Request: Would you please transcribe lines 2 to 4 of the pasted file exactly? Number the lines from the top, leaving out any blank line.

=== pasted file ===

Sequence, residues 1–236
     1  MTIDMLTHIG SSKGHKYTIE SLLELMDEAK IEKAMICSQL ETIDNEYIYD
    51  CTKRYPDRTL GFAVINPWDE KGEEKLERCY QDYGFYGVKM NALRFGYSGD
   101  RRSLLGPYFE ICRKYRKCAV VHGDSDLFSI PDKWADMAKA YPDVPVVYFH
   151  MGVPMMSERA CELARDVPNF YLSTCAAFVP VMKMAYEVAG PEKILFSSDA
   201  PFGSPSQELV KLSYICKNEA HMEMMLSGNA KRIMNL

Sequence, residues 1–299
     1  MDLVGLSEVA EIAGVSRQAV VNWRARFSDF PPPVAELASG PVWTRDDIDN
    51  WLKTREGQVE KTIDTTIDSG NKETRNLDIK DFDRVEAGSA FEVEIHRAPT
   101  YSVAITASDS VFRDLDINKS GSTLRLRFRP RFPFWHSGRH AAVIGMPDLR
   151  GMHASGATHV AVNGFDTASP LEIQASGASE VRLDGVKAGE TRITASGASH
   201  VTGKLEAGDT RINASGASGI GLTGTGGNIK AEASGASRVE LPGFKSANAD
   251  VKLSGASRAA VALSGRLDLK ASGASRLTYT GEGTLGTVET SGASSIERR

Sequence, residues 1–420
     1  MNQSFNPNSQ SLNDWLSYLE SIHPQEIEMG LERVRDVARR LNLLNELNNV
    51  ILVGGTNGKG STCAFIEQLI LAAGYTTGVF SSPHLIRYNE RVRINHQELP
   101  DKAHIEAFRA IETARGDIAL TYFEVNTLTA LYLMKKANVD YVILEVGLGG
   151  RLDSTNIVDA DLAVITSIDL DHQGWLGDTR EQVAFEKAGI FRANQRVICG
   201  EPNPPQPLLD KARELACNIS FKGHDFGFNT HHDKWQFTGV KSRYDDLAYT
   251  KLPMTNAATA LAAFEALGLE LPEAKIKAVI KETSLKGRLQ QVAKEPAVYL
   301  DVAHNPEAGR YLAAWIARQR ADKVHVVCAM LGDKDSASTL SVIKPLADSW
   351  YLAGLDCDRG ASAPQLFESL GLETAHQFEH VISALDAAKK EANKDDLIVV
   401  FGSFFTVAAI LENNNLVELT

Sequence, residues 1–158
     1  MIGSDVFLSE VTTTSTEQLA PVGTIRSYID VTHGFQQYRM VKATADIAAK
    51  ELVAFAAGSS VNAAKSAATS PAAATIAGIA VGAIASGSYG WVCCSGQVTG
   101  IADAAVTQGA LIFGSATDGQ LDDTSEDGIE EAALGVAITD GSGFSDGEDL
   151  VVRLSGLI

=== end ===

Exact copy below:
     1  MTIDMLTHIG SSKGHKYTIE SLLELMDEAK IEKAMICSQL ETIDNEYIYD
    51  CTKRYPDRTL GFAVINPWDE KGEEKLERCY QDYGFYGVKM NALRFGYSGD
   101  RRSLLGPYFE ICRKYRKCAV VHGDSDLFSI PDKWADMAKA YPDVPVVYFH